Took me forever to get WGN today(used to be able to get it with a coathanger) was so bad that I eventually went back to the RS loop antenna which was able to pick it up no problem. On some days reception is fine on the channels I watch with the terk, but on others I need the RS loop. Sometimes it takes alot of effort to get them in wih either antenna and I'm tired of it. Worse yet those that I live with are strongly against getting a roof antenna and don't think it'll work.
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post #172 of 218 Old 05-04-2012, 06:23 PM - Thread Starter
 
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Now I'm not getting anything at all! FML!
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post #173 of 218 Old 05-05-2012, 01:25 PM
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eric12341,
I believe the major cause of your reception difficulty is that you live too close to Lake Michigan. The TV signals from Chicago travel over the water before reaching you. The water is a good reflector of TV signals so you are getting multipath signals along with the LOS signal. This results in hot spots (good reception) and cold spots (no reception.) The signals also bend or refract when going over water. The amount of bending can change with temperature and time of day. That's why you can get good reception some times then no reception. The hot and cold spots are moving around. You could try a roof mounted antenna but who can predict what will happen. Cable may be a better option.
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post #174 of 218 Old 05-05-2012, 07:16 PM
 
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eric12341,
I believe the major cause of your reception difficulty is that you live too close to Lake Michigan. The TV signals from Chicago travel over the water before reaching you. The water is a good reflector of TV signals so you are getting multipath signals along with the LOS signal. This results in hot spots (good reception) and cold spots (no reception.) The signals also bend or refract when going over water. The amount of bending can change with temperature and time of day. That's why you can get good reception some times then no reception. The hot and cold spots are moving around. You could try a roof mounted antenna but who can predict what will happen. Cable may be a better option.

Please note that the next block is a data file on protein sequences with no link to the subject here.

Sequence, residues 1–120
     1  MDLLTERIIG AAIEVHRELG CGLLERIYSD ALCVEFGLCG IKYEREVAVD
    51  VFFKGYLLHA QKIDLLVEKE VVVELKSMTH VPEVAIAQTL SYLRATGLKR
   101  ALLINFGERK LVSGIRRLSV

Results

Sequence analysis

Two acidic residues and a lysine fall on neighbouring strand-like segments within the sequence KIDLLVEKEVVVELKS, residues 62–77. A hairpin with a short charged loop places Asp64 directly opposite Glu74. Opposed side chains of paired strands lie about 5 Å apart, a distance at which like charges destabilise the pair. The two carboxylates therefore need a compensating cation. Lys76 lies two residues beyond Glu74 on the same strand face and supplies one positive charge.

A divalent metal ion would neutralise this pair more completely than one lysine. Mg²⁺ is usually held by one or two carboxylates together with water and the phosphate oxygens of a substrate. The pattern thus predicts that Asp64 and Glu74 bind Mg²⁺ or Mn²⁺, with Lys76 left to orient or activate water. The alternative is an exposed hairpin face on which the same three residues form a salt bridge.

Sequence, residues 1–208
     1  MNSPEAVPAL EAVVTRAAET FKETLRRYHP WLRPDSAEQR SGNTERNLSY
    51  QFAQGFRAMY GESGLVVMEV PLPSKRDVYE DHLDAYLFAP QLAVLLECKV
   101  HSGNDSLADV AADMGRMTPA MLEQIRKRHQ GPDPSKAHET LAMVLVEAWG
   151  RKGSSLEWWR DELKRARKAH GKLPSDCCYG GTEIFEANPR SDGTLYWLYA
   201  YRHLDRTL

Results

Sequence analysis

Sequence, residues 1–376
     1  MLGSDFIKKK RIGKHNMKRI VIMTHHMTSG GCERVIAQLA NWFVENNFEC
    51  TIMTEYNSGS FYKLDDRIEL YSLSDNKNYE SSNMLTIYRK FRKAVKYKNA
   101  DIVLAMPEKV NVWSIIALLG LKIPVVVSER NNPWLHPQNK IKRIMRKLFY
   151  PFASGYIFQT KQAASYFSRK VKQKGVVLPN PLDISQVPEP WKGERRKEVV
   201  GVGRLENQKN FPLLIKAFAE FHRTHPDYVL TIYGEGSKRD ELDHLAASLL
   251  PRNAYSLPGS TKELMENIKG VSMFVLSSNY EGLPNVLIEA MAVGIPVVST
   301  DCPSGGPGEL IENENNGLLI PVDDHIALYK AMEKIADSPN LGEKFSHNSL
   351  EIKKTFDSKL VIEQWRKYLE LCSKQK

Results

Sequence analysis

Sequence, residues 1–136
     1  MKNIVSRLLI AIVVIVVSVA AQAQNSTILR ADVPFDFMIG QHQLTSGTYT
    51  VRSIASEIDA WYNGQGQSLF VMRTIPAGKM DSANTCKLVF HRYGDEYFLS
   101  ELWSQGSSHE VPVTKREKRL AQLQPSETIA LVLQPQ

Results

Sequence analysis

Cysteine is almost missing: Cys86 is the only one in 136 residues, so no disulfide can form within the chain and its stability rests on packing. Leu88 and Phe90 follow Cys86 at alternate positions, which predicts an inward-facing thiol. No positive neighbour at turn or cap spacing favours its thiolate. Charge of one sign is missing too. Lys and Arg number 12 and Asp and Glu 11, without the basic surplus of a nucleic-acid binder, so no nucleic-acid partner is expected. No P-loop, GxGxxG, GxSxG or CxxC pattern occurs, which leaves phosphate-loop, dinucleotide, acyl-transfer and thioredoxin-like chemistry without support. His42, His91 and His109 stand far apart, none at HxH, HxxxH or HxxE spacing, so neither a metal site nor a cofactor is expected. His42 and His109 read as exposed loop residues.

His issue is his house is surrounded by trees particularly in the back yard where he insists the antenna must be. The rest of his neighborhood is pretty much a normal neighborhood. So it's not like he lives near a forest. Might explain why he seemed to get better reception in the winter. If anything is causing the multipath it's the trees. So perhaps he should invest in some pruning equipment.

Also the signals from Milwaukee don't go over the water something more like a db-4 would be needed and mounted at least at the roof line. Also the RadioShack loop is pretty wide beamwidth( close to 90 degrees I think ) so that's not good for multipath issues. Perhaps and antenna with a narrower beamwidth. Maybe something like a HBU22 or something similar.
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post #175 of 218 Old 05-06-2012, 10:52 AM
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I don't think trees can produce significant multipath signals. More likely the trees will weaken or obstruct the signal so that is why 'the higher the better'.

HDTVPrimer says this about multipath or ghost:
Many websites say ghosts are caused by reflections off nearby objects. But this is true maybe 1% of the time. Most such reflections are spherical waves that die off quickly due to spreading, too quickly to be delayed enough to produce a ghost. Only a plane surface can produce a reflection that will persist long enough, and most natural flat surfaces are at an angle that will reflect upwards away from any antenna. Building surfaces can produce ghosts. But like for a mirror, the reflection off a building surface is very directional.

So this is consistent with my hypothesis that the primary multipath signal are reflections off the water of Lake Michigan.
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post #176 of 218 Old 05-06-2012, 01:44 PM
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No matter... multipath or weak signals, the OP has a problem due to:
no money
no ladder
no support from family
no experience
... and whatever else.

As for trees and multipath, HDTVPrimer states this:
Quote:


Multi-path interference

This is a problem that, if severe, can prevent DTV reception even if the signal is strong. The signal is reaching the antenna by more than one path due to diffraction around hills and trees and sometimes reflections off of structures.